Elderberry

One of the best loved shrubs in the English hedgerow is elder, with its heads of creamy white flowers in the summer and of purple-black berries in the winter. The name Elder comes from an Old English word ‘ellaern’, though some claim it to be from ‘aeld’ (fire), from the practice of blowing through the hollow stems to start a fire. Its scientific name is Sambucus nigra. It may be that the generic name ‘Sambucus’ comes from the Greek word ‘sambuca’, which is an old wind instrument. A peasant pipe called the sampogna is still played in Italy to this day.

For centuries elderberries and elderflowers have been used to relieve colds and flu. In 1992 Israeli scientists found that it is even better than its reputation. In a double-blind test, 50 patients with flu were tested with either elderberry extract or a placebo. Within 24 hours, 20% of the elderberry showed dramatic improvements in fever, muscle pain, and respiratory symptoms. After the second day, 75% showed a marked change for the better and by the third day, 90% felt much better. Of the placebo group, only 8% improved in the first 24 hours, 16% in 48 hours, and the rest required 6 days to feel better. This strongly suggests that elderberry can reduce the severity of your symptoms and shorten the length of time of the infection. The way elderberry is thought to work is by strengthening the human cell membrane and disabling the enzyme the virus makes to eat through the cell and spread through out the body.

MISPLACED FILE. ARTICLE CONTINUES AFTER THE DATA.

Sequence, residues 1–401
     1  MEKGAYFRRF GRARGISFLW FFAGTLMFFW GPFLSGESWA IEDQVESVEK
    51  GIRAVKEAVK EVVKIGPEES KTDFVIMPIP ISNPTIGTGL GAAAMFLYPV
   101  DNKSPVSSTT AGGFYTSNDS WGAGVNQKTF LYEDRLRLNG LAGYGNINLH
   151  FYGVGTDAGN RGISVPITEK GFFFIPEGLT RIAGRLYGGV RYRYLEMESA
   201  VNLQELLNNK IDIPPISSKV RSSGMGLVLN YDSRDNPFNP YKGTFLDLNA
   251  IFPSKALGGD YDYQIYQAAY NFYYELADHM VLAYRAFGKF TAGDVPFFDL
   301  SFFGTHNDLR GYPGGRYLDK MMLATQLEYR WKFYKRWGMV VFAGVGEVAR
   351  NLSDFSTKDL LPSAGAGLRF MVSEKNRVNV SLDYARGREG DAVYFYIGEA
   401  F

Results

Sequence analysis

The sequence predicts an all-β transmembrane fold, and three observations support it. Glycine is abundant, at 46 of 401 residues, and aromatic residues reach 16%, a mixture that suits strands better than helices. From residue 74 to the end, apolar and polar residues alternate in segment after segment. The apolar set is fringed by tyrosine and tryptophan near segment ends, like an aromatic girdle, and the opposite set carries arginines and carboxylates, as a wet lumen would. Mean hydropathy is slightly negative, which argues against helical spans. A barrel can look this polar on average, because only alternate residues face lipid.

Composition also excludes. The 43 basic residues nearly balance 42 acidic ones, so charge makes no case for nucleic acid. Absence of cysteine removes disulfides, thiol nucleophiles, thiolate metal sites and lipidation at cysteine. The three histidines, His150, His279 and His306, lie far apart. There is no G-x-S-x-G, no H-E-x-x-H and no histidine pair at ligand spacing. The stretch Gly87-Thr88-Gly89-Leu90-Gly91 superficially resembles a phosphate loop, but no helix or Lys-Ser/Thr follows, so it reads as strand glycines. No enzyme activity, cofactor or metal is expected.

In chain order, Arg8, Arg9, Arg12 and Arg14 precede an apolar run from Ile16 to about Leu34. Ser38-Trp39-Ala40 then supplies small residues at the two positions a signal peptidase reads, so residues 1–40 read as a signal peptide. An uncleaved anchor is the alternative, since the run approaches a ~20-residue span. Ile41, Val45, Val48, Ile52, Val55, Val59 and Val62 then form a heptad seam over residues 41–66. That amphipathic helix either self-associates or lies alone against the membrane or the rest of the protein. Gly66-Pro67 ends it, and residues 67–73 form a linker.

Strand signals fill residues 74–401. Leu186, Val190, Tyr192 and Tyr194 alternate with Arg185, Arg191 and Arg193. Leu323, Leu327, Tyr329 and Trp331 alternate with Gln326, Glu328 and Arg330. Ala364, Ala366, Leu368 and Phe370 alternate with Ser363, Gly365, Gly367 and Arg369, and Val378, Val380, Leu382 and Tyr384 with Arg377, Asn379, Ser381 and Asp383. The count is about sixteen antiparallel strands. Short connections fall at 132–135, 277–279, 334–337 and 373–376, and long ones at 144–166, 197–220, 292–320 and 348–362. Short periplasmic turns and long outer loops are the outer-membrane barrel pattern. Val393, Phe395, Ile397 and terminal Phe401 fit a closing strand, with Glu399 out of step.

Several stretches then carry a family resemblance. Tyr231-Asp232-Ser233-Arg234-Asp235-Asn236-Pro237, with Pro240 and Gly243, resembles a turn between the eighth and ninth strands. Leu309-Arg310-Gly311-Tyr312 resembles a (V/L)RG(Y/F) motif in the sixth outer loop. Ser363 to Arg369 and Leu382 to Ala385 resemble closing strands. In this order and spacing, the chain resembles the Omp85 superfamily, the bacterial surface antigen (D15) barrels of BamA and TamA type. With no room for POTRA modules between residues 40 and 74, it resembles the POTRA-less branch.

In 2011, further laboratory research from Germany’s institute of medical microbiology showed that elderberry extracts not only inhibit the growth and spread of influenza viruses but are also active against streptococcal bacteria that commonly cause infections in the human respiratory system. It is perhaps no surprise then that it is widely used in complementary and alternative medicine.

Reference:

Krawitz C, M. M. (2011 Feb 25). Inhibitory activity of a standardized elderberry liquid extract against clinically-relevan t human respiratory bacterialpathogens and influenza A and B viruses t. BMC Complementar Altern Med., :11:16.

This information is for educational purposes only. For any advice on medicinal use of herbs consult a registered Medical Herbalist.

- Copyright © Richard Adams. All Rights Reserved -

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